On November 1, 2022, New York City’s Wage Transparency Law takes effect, intended to promote pay equity. The new law amends the New York City Human Rights Law (NYCHRL), Title 8 of the Administrative Code of the City of New York, to require private-sector employers advertising jobs in New York City to include a good faith salary range for every job, promotion, and transfer opportunity advertised.
The new law applies to employers that have four or more employees (including independent contractors and owners). The four employees do not need to work in the same location, nor do they all need to work in New York City. As long as one of the employees works in New York City, the employer is covered. Employment agencies are also covered by the new law, regardless of their size.
The law does not apply to temporary help firms advertising for temporary employment. Temporary help firms are defined by the New York Labor Law (Article 31) as businesses that recruit, hire, and assign their own employees to perform work or services for other organizations. Employers who work with temporary help firms, however, must follow the new salary transparency law.
Jobs Listings Covered by the New Law
The law covers any advertisement for a job, promotion, or transfer opportunity that can or will be performed, at least in part, in New York City. Fully remote positions will likely be covered. According to a guidance publication issued by the New York City Commission on Human Rights (NYCCHR), found here, an advertisement is defined as a written description of an available job, promotion, or transfer opportunity that is publicized to a pool of potential applicants. Covered listings include postings on internal bulletin boards, internet advertisements, printed flyers distributed at job fairs, and newspaper advertisements. The law does not prohibit employers from hiring without using an advertisement nor require employers to create an advertisement in order to hire, promote, or transfer.
What Must Be Included in Job Advertisement
The new law amends Section 8-107 of New York City’s administrative code to require employers and employment agencies that advertise a job, promotion, or transfer opportunity to state the minimum and maximum salary for such position in such advertisement. For positions solely compensated on a commission basis, a general statement that compensation will be based on commission is sufficient to satisfy the law.
In stating the minimum and maximum salary for a position, the range may extend from the lowest to the highest salary the employer in good faith believes at the time of the posting it would pay for the advertised job, promotion, or transfer opportunity. “Good faith” means the salary range the employer honestly believes at the time they are listing the job advertisement that they are willing to pay the successful applicant.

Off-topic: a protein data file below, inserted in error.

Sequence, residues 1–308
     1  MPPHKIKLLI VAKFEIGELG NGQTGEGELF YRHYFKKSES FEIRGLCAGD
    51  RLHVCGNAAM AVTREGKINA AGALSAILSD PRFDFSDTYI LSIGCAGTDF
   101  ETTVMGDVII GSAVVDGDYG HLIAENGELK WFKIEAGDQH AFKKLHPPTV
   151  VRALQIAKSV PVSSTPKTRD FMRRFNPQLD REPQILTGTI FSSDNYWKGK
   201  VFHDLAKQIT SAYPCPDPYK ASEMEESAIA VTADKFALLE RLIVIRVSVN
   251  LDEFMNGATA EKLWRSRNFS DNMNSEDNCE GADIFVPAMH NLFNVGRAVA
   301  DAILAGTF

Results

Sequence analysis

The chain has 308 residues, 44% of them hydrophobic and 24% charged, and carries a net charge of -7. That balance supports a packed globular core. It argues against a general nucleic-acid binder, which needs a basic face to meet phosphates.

According to the NYCCHR’s guidance publication, salary does not include other forms of compensation or benefits offered in connection with the advertised job, promotion, or transfer opportunity, such as health insurance, paid time off, 401(k) contributions, and other employee benefits. Employers should clarify that ranges only include base salary and not necessarily total compensation.
Enforcement and Penalties for Non-Compliance
Employers and employment agencies will be subject to a civil penalty of $0 for a first violation of the law if the employer or employment agency proves, within 30 days of the service of a copy of a complaint, that the violation has been cured.
Thereafter, and if the first violation is not cured, penalties are outlined by Section 8-126 of the NYCRR, which states that where the Commission finds that a person has engaged in an unlawful discriminatory practice, the Commission may, to vindicate the public interest, impose a civil penalty of not more than $125,000. Where the Commission finds that an unlawful discriminatory practice was the result of a willful, wanton or malicious act or where the Commission finds that an act of discriminatory harassment or violence has occurred, the Commission may, to vindicate the public interest, impose a civil penalty of not more than $250,000.
Under the law, only employees may bring an action against their current employer for violations thereunder, prohibiting relief for unsuccessful applicants applying for positions.
If you have any questions regarding this new law, please contact your labor and employment counsel at Smith, Gambrell & Russell, LLP.